Everyone should be talking about Poesía.
And in an alternate world where tango enjoys the same level of popularity as today's popular music, they would be.
Cuarteto SolTango recorded the album with Leonel Capitano who, by many accounts, best captures the essence of a Golden Age tango singer. He's featured on all tracks except for two instrumentals, which include Chiqué and, astonishingly, A la luz del candil (recall Di Sarli's collaboration with Jorge Durán to understand my surprise).
Poesía is here, and it is a masterpiece.
One remarkable thing that I must highlight is their choice of repertoire. Whereas a typical new tango release contains predominantly well-known songs (such as: Buscándote, El huracán, etc.), this one takes a more varied approach to the tango heritage. You'll hear songs that don't make it onto milonga playlists very often, such as Vieja recova and En carne propia. The cuarteto has done us a tremendous service by giving these songs another chance in the 21st century
And no, these are not some "buried treasures" that would only excite tango researchers. Milongueros will love them!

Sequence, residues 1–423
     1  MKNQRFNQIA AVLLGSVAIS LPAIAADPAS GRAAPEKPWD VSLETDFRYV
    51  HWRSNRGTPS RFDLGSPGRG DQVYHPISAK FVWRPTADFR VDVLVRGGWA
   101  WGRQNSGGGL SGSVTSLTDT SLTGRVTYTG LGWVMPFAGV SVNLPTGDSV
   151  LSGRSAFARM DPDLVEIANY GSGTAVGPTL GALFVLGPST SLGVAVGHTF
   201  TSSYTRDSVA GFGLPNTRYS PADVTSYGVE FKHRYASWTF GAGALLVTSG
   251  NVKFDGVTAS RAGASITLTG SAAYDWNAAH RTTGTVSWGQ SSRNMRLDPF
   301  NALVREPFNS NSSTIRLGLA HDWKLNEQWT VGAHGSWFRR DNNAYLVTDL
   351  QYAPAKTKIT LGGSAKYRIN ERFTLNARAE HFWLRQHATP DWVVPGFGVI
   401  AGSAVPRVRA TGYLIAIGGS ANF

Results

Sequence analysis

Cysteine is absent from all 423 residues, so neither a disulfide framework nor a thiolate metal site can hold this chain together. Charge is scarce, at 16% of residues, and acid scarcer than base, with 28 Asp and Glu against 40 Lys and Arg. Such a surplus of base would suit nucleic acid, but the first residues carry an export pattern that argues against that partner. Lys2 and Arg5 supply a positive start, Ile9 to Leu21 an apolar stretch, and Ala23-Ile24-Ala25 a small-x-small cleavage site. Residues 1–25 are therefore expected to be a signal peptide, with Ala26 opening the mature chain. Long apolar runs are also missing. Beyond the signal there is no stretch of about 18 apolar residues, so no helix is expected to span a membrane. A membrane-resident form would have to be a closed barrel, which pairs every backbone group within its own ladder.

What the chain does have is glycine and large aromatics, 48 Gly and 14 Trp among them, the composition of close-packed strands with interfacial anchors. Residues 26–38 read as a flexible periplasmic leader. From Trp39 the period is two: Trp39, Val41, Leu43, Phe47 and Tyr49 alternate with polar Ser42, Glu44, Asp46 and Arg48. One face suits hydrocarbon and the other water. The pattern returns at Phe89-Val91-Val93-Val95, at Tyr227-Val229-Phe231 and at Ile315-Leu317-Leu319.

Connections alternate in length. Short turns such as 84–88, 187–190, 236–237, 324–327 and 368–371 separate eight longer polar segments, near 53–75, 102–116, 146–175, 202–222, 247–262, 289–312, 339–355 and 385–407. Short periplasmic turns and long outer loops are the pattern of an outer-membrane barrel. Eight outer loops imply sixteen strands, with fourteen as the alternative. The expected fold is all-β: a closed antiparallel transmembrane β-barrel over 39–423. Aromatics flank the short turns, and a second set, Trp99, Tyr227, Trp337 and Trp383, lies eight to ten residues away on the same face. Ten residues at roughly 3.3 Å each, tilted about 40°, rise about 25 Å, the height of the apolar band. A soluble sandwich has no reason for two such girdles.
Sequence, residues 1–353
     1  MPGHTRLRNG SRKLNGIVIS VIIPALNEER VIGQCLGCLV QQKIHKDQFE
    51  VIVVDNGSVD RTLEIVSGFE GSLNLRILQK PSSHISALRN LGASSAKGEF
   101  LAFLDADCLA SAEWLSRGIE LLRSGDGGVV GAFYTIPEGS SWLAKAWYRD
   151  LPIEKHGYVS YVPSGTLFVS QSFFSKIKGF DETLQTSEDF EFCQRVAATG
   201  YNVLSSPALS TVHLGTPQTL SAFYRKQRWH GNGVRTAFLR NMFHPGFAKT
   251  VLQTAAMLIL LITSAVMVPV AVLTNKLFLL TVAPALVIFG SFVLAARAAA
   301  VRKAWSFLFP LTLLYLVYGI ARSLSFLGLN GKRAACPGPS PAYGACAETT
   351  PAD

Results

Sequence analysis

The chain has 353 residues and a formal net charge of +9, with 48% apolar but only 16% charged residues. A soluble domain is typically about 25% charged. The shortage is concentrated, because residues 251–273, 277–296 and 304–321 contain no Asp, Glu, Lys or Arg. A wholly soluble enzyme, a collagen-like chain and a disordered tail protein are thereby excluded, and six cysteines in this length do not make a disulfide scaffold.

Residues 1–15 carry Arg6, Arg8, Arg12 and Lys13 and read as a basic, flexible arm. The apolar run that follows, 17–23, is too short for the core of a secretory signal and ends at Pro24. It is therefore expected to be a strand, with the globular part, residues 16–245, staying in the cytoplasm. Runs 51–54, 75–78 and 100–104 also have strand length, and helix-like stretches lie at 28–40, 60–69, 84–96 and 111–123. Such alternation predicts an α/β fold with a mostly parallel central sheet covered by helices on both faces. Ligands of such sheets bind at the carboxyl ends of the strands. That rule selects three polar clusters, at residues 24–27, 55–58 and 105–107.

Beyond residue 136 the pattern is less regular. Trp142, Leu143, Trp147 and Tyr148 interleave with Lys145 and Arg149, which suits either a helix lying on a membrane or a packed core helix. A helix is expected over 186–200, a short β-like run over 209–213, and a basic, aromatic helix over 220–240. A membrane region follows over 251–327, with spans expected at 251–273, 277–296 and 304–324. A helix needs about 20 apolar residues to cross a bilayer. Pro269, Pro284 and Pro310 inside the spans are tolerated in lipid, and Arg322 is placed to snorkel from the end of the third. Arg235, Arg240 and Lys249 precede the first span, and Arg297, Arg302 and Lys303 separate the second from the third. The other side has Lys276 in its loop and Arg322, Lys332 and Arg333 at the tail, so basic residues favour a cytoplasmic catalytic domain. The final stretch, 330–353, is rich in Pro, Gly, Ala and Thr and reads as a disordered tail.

Now, let's listen to it together.
Vieja recova leads the album. It's neither D'Arienzo's nor Pugliese's arrangement but rather Salgán's. You are unlikely to hear Orquesta Horacio Salgán at milongas, and for good reasons; his work could be very intellectual, often to the detriment of danceability. Cuarteto SolTango's take should not share this fate; if anything, Leonel Capitano is utterly pleasant to listen to unlike Ángel Díaz, whose mannerisms strike me as annoying.
Desvelo hasn't made it into the tango canon, even though it was first recorded by Gardel in 1924. There's one Golden Age version by Rodio/Serna from 1944, another by Troilo/Ruiz, neither one very convincing. The one you've most likely heard was Pugliese/Morán.
It is this arrangement that SolTango chose. It flows a bit slower and as I started listening to it, I worried it might veer into the canción territory, but it didn't; the beat is solid. The cuarteto did not copy Pugliese's nervous ticks nor did Capitano want to imitate Morán—they made Pugliese's arrangement their own.